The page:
Setting out vision for future ties, Britain’s May presses Brexit plans

London: British Prime Minister Theresa May published her blueprint for relations with the European Union after Brexit on Thursday, putting at its core a plan for a free trade area for goods that has angered many in her party.

In a long-awaited white paper policy document, her government said its negotiating position had “evolved” but that it was sticking to its principles for Brexit, the biggest shift in Britain’s foreign and trading policy in decades.

The 98-page document, which caused the resignations of two of her top ministers earlier this week, suggests the government is hoping to retain close ties with the bloc, participating in its agencies for chemicals, aviation and medicines.

Even before publication, it did not get a ringing endorsement from US President Donald Trump, who said in Brussels he was not sure May’s new approach was what Britain voted for in a 2016 referendum.

There was one major shift — for Britain’s huge financial services sector, with the government abandoning plans for close trading ties favoured by the City of London in favour of a deal that offers flexibility but more limited market access.

“Leaving the European Union involves challenge and opportunity. We need to rise to the challenge and grasp the opportunities,” Brexit minister Dominic Raab, appointed to his position on Monday, wrote in the foreword of the document.

“This is the right approach — for both the UK and for the EU. The White Paper sets out in detail how it would work.” With less than nine months before Britain is due to leave the bloc, May has been under pressure from businesses, EU officials and her own lawmakers to spell out her negotiating position to unblock the all-but-stalled Brexit talks.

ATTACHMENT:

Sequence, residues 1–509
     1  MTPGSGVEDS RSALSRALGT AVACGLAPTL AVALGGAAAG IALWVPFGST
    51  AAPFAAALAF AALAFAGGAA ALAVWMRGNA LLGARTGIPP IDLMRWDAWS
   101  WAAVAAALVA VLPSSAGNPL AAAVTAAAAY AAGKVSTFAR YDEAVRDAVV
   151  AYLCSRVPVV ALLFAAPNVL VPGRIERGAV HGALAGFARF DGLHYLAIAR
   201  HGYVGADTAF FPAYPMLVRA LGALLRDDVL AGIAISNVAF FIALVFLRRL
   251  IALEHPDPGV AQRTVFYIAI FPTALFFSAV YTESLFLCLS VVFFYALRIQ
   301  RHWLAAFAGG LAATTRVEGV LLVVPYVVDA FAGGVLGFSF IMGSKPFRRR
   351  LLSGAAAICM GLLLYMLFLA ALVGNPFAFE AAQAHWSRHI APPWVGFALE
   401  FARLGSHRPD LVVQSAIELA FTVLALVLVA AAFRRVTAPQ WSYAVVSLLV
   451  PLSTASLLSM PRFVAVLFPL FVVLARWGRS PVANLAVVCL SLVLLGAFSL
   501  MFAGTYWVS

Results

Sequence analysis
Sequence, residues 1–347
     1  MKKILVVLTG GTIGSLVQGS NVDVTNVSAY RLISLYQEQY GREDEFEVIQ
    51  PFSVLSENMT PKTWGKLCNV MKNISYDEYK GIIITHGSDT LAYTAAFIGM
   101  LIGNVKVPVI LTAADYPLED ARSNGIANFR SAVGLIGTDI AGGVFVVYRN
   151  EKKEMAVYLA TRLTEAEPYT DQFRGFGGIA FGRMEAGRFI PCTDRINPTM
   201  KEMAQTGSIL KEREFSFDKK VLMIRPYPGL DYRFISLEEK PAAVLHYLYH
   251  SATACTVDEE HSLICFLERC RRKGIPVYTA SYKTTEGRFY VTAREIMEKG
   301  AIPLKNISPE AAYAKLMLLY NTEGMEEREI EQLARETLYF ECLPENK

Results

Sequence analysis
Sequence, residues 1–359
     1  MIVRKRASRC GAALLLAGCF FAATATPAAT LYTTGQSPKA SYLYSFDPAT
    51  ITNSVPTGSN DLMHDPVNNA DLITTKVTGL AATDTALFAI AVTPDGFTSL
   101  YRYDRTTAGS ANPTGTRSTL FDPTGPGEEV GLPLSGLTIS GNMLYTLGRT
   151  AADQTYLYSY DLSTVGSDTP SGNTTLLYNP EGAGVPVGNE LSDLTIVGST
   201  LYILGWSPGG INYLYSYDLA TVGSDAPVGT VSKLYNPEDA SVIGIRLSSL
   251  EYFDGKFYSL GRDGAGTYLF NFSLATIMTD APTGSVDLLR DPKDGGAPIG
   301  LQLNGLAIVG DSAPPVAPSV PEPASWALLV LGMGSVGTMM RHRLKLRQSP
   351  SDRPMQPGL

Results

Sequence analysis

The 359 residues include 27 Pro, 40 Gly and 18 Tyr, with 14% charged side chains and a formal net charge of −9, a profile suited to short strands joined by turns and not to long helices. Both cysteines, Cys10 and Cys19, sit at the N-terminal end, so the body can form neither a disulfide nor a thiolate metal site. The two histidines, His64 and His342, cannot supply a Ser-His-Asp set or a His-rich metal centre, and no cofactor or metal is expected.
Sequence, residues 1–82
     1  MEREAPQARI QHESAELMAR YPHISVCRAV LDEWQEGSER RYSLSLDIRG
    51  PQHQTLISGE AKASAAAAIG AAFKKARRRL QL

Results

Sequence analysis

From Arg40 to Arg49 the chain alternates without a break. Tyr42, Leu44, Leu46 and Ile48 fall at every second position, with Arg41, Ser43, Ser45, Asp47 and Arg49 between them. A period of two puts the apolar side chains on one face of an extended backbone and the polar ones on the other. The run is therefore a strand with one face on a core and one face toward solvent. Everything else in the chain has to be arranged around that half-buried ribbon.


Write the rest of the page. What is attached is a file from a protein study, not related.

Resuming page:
She thrashed out an agreement at her Chequers country residence on Friday, but that was quickly undermined when two of her leading ministers, and Brexit campaigners, quit their jobs in protest at her plan to keep close trade ties.

Her team hopes the publication of the white paper will ease concerns among many Brexit supporters after the resignations of former foreign secretary Boris Johnson and former Brexit negotiator David Davis.

But the document, which spells out in detail where Britain hopes to maintain ties, might add fuel to a simmering rebellion in her Conservative Party.

It is also not clear whether the EU will accept the proposals. French Prime Minister Edouard Philippe said “the worst” scenario of Britain crashing out of the bloc without a deal was still a possibility.

The white paper confirms May’s desire for a “business-friendly” Brexit, trying to protect manufacturers with complex supply chains across the EU which have warned a clean break would have cost British jobs.

Acknowledging that there will be more barriers to Britain’s access to the EU market than is the case today, the white paper goes on to detail a plan for a facilitated customs arrangement with the EU, one which would mean Britain would act as if it were in a combined customs territory.

It also details Britain’s desire to participate in EU agencies that provide authorisation for goods — the European Chemicals Agency, the European Aviation Safety Agency and the European Medicines Agency.

Britain would accept their rules and contribute to their costs, the white paper said, but recognising that Britain is no longer a member state.

While ending freedom of movement of people, Britain will try to ensure that tourists can travel freely around Europe and will try to make its immigration policy better cater for business needs.

It also proposes new bodies to help interpret rules and regulations and to resolve disputes, but says Britain will still pay due regard to the European Court of Justice.

But in a change that may anger financial services firms, the government said it would push to improve the EU’s legal mechanism for access to countries outside the bloc known as “equivalence” where access is patchy and can be revoked at short notice.

With the detail now published, May hopes to speed up the talks with the EU before Britain leaves in March next year.

But she may encounter resistance at home, where some Brexit campaigners in her party have described her proposal as a betrayal of her pledge for Britain “to take back control”.

Several will seek to harden her plan by changing her customs legislation in parliament next week.

Raab, May’s new Brexit minister, said such criticism was not justified. He described the white paper as “a vision that respects the result of the referendum, and delivers a principled and practical Brexit.”


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